Fasting is safe for the vast majority of healthy adults. But there are a few exceptions.

In some situations, fasting is not recommended or requires medical approval beforehand. Sometimes Extended Fasting (EF) is not optimal but intermittent fasting (IF) works great.

If you have any specific health conditions or concerns, you should always consult your doctor or another qualified healthcare professional before fasting and before taking fasting supplements.

Please be extra-cautious if any of the following apply to you.

Fasting while pregnant or breastfeeding

You should NOT fast if you are pregnant or breastfeeding.

Your baby needs lots of nutrients to grow. Shortage of nutrients during this stage would harm both you and your baby.

This is recognised by traditional religions that incorporate fasting. For example, pregnant Muslim women don’t have to fast during Ramadan.

Fasting while trying to conceive

There is anecdotal evidence that fasting helps with reproductive health. For overweight people, reducing their weight improves fertility. But it’s better to do this well in advance.

Once you are actively trying to conceive, stop fasting or dieting and focus on getting plenty of nutrients.

Fasting and low BMI / low fat percentage

BMI below 18 is considered underweight. Fat percentage of lower than 10% for women and 5% for men is also below healthy weight. Anyone in this weight bracket should NOT fast.

Healthy fasting uses up your fat stores. It works best for people who are overweight or close to overweight.

Fasting without sufficient fat reserves will lead to malnutrition. Negative impact on your health will far outweigh any potential positives.

Fasting and high blood pressure

Fasting reduces blood pressure. But fasting electrolyte supplements can temporarily raise it, especially sodium.

Intermittent fasting (IF) is safer for people with high blood pressure than extended fasting (EF). You can do intermittent fasting without supplements.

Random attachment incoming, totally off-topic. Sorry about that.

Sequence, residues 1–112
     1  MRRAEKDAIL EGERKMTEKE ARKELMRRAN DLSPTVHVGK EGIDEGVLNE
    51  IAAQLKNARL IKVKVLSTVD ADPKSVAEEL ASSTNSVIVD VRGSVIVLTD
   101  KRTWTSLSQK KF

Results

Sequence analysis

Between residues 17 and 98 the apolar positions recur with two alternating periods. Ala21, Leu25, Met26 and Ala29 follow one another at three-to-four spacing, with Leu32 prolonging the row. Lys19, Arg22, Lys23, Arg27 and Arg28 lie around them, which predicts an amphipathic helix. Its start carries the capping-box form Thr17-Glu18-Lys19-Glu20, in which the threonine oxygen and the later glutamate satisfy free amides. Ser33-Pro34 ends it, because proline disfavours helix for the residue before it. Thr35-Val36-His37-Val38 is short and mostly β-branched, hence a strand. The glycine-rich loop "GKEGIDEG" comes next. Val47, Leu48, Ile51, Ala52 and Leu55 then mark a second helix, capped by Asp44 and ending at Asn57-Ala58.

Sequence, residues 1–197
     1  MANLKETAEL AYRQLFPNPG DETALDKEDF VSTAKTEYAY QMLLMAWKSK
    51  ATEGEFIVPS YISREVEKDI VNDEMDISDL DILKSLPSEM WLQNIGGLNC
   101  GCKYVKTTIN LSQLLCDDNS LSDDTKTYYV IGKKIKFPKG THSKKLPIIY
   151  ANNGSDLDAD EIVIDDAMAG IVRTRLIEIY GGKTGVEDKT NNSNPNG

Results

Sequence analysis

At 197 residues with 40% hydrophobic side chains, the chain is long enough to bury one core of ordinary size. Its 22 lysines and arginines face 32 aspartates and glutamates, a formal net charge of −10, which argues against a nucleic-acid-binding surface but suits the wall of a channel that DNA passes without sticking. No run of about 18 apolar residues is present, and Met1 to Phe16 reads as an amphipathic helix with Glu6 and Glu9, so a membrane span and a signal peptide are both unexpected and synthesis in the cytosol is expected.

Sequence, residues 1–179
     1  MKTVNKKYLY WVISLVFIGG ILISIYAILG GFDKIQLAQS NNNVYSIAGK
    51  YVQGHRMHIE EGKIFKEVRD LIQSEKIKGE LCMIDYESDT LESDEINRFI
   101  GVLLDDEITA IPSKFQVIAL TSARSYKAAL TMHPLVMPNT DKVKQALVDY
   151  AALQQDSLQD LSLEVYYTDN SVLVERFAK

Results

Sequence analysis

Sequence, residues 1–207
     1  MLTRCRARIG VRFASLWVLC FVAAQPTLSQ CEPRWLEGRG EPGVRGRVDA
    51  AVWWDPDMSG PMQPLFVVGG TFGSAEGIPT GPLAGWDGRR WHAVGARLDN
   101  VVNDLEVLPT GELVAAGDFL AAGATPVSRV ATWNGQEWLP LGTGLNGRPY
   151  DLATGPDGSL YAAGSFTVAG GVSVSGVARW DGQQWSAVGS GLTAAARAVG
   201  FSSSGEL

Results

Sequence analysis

But you will need to take electrolytes during EF. As supplements are more concentrated than food, they may cause a potentially dangerous spike in BP if it’s already quite high.

Always consult your doctor before fasting and before taking any electrolyte supplements. If you decide to go ahead, make sure to monitor your blood pressure regularly.

Fasting and kidney health

Fasting depletes electrolytes. Electrolytes are bound with water in our body tissues.

Electrolytes get depleted rapidly during fasting leading to dehydration. Electrolyte supplements can help but they are more concentrated than foods and therefore cause greater fluid fluctuations.

Your kidneys play a key role in maintaining the optimal water balance in your body.

If you have any kidney-related conditions or health issues, always consult your doctor before fasting and before taking any electrolyte supplements.

Fasting and prescription medications

Fasting and electrolyte supplements can interfere with certain prescription medications. Fasting is still quite niche so it might not be mentioned on your medication leaflet.

Always consult your doctor or pharmacist to check whether it’s safe for you to fast and to take supplements.

Fasting and eating disorders

Fasting is potentially dangerous for anyone who has a past history of eating disorders, especially anorexia. Please discuss your plans with a qualified mental health professional first to ensure it’s safe for you to fast.

Fasting and family history of famine

Controlled voluntary fasting is practiced widely for weight loss and health reasons, and as part of religious traditions. Unfortunately, in some areas of the world people can suffer from involuntary food deprivation due to poverty or natural disasters.

If you or anyone in your immediate family experienced a severe food shortage or a famine, this will have a long-lasting psychological effect. Trying to fast may trigger a trauma response in your body and mind. So it might not be the optimal choice for you.

Fasting for children

Extended fasting is not recommended for children. Intermittent fasting may help if there are severe issues such as morbid obesity and if approved by a doctor.

Fasting for anyone under 18 years old should be supervised by a parent or a medical professional to ensure that all fasting safety guidelines are followed.

How to fast safely

  • Drink plenty of water
  • Get enough sleep
  • Try to limit your exposure to stress
  • Stop your fast if you feel really unwell
  • If you have any medical conditions or health concerns, consult your doctor before fasting

Additional for Extended Fasting (EF)

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